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Pitt training camp – Practice No. 2 (PM)


The first two days of Pitt training camp should come with disclaimers:

This is not real football.

And this is not really the depth chart.

The Panthers have conducted helmets-only, split-squad practices with a mix-match of lineups. While the morning sessions most closely mirror the two-deep, some of the top backups and almost all of the top freshmen were practicing in the afternoon.

None of this is lost on Pitt coach Dave Wannstedt.

“We’re getting one day closer to playing football,” Wannstedt said Wednesday afternoon. “Tomorrow, the shoulder pads go on. Not quite full pads, but we are making progress toward being able to do some blocking and tackling for real.”

Later, he added: “We’ve got a long way to go. We haven’t tackled a soul. All these plays and blitzes, it looks good on paper. But this is still a game of blocking and tackling.”

If there was one thing Wannstedt was pleased with in the afternoon, it was that the newcomers learned a valuable lesson. A lightning storm midway through the practice forced the Panthers off the outdoor fields at the UPMC Sports Performance Complex and into the indoor facility.

“That gave us the opportunity to evaluate these guys from a focus standpoint. Can they handle distractions?” Wannstedt said. “They came in and on the first two plays we had two guys go the wrong way and we had one fumble. It was a great learning lesson that we can use to illustrate the importance of not being distracted.”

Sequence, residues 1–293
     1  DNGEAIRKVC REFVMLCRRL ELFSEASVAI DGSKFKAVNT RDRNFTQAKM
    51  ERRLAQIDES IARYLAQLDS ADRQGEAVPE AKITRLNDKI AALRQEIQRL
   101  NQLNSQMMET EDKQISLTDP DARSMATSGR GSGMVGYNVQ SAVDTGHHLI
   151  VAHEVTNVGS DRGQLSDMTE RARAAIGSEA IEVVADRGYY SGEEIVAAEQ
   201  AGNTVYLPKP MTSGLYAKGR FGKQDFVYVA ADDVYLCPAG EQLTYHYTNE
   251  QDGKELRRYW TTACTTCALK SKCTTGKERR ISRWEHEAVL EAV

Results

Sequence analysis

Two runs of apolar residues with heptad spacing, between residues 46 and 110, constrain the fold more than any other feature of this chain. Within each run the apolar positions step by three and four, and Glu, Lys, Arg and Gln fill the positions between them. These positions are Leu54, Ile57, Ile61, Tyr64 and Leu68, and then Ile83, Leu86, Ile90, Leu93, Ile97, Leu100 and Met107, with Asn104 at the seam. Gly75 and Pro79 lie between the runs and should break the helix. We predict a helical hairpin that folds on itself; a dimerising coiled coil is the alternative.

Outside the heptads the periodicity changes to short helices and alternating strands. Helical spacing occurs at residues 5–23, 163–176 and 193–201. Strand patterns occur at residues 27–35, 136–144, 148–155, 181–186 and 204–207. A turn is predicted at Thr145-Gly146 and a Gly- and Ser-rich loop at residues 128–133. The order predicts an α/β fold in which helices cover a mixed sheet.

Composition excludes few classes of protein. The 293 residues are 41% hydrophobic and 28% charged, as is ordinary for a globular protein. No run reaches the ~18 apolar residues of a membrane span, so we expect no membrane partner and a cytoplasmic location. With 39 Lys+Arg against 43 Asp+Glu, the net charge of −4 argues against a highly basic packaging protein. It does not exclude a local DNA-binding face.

Safe to say, it’s a lesson the veterans already learned. Wannstedt has been impressed by their business-like approach to camp and especially how clean and crisp the first two days of camp have gone in the morning.

“The older guys did a very good job of coming out here and not getting too antsy about putting the pads on and jumping from Day One to Day Four,” he said. “They stayed with the program. The focus was good. We’ve been clean the last two mornings as far as turnovers – which tells me the guys are concentrating and executing.”

• As Wannstedt alluded to, the first handoff during seven-on-seven drills inside saw tailback Ray Graham fumble a handoff from quarterback Pat Bostick. Write it off as a freshman mistake if you will, but it’s the second time Graham has fumbled in as many practices.

And that’s a cause for concern.

In fact, Wannstedt recounted with backfield newcomers Kevin Adams, Jason Douglas, Dion Lewis and Graham the message he delivered to former Pitt star LeSean McCoy when he arrived as a freshman in 2007.

“I told all those running backs the same thing I told LeSean McCoy: He said, ‘Coach, what do I have to do to play at Pitt as a freshman?’ I said, ‘You’ve got to do three things: No. 1, you’ve got to hold onto the football. No. 2, you have to prove to this whole football team that you’re a tough guy. No. 3, you have to be able to go out and execute the game plan, know what to do,'” Wannstedt said. “I think that’s where we’re at with the Ray Grahams, Dion Lewis’, all these young kids. They’ve got to be able to accomplish those things before we put them into the ballgame for real.”